The irrational host asked Richard Wolffe — another leftist masquerading as a journalist — a question about Michael Steele, the chairman of the Republican National Committee. What followed was Erroneousness 101:
The poor guy has got no leash — it’s not even a short leash. And to get to the race question you have to understand the party’s calculation in putting him there in the first place. It was a simplistic and crude equation they made: that to cover themselves against any accusations of racism — and, boy, it’s not that hard to find them — they needed to have a black figure going up against an African-American president and they didn’t have many people to choose from with this token gesture and so they had to choose someone that plainly wasn’t ready for prime time.
Is that what the Republicans did? How would Wolffe know? Was he there during those closeted sessions which eventually became the protocols of the elders of the elephant? Of course not; Wolffe is clueless.
Further, based on his last book, he knows very little about Republicans. As opposed to confessing ignorance, he chose to attribute the hiring of Michael Steele to evil intent. Wolffe deems the right wicked … so our every action must then be.
Along the same lines were Janeane Garofalo’s bizarre comments on HBO during an episode of Real Time with Bill Maher. Everyone recalls her racist outburst earlier in the year concerning the tea parties and she compounded her original incoherence with the following drivel for Maher:
It’s obvious I think to anybody who has eyes in this country that tea-baggers, the 9-12ers, these separatist groups that pretend that it’s about policy. They are clearly white identity movements; they are clearly white power movements. What they don’t like about the president is that he’s black or half black. … What also is shocking is that people keep pretending that that’s not really the case with these people. … They are no different than any other white identity movement that’s part of our history.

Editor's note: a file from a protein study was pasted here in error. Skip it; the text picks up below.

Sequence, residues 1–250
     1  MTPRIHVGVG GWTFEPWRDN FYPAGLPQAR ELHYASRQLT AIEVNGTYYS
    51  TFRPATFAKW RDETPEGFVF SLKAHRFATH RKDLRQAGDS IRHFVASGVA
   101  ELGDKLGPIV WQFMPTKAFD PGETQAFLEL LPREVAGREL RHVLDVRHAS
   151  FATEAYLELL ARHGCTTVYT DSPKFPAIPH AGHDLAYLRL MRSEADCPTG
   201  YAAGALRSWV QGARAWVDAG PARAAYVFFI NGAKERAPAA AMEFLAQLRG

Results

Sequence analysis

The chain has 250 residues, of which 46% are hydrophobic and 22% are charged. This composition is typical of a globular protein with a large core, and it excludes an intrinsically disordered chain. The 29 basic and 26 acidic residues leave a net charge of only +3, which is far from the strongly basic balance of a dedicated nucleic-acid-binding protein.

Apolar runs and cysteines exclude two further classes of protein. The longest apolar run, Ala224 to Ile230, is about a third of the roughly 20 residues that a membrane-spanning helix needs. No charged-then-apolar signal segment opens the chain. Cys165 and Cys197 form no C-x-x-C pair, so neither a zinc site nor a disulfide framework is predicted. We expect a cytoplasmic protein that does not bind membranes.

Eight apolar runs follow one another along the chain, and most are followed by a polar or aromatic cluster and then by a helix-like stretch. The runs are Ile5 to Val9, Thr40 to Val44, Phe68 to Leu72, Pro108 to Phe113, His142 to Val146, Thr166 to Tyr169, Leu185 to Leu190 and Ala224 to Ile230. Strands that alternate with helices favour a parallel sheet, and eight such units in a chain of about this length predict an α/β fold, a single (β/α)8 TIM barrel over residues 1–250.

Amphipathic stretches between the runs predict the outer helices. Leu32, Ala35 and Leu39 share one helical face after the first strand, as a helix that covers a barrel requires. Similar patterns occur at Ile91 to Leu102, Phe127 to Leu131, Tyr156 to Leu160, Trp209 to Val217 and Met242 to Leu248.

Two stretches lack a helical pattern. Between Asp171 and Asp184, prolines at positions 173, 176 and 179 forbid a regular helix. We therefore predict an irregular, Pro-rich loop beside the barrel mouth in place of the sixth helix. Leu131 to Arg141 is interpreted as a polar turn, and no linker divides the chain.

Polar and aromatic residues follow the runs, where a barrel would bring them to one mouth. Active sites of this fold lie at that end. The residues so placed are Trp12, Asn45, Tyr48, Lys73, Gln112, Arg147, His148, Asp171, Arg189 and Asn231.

Is it obvious? Is it clear? No, she was lying. Ms. Garafalo’s made it up. People like me took to the streets in April not for conspiratorial reasons, but to combat excessive government expenditure, reckless debt, and the threats posed to our liberty.
What we do know for absolute certainty is that our protests did not involve race or racism. That these absurd charges of bigotry failed to stick is a product of their being mindless assertions devoid of substance.
They continue to be made for pragmatic reasons as everyone in America is repulsed by racism, so the left disperses their mustard gas in the hopes of alienating independents who are too busy to take an interest.
The resentment wonk addressed health care but was not content to merely suggest that the GOP is evil. He stated it explicitly:
The Republicans lie! They want to see you dead! They’d rather make money off your dead corpse! They kind of like it when that woman has cancer and they don’t have anything for her.
Does anyone know any Republicans who possess such wishes? I don’t. I’m sure Schultz doesn’t either. His statement was vile hogwash, though he is probably aware that if our side is not depicted as loathsome then folks might give our ideas a listen … and who knows where that could lead.
In the final analysis, striking a sanctimonious pose is cherished more than truth by the left. Yet the country would benefit from their focusing on what conservatives actually say rather than fixating upon apocryphal antagonists.
The left’s habitual lying and “fear-mongering” alienates the citizenry and convinces the ignorant that the United States is a country not worth defending.
All their pyrotechnics and histrionics make many conservatives reluctant to openly proclaim their views. Like a fictional king, they wonder: “What can men do against such reckless hate?”
There is but one answer. You must fight them with your voice, your written word, your ballot, and your presence. At this point, only emphatic action will ensure that America remains the land of the free.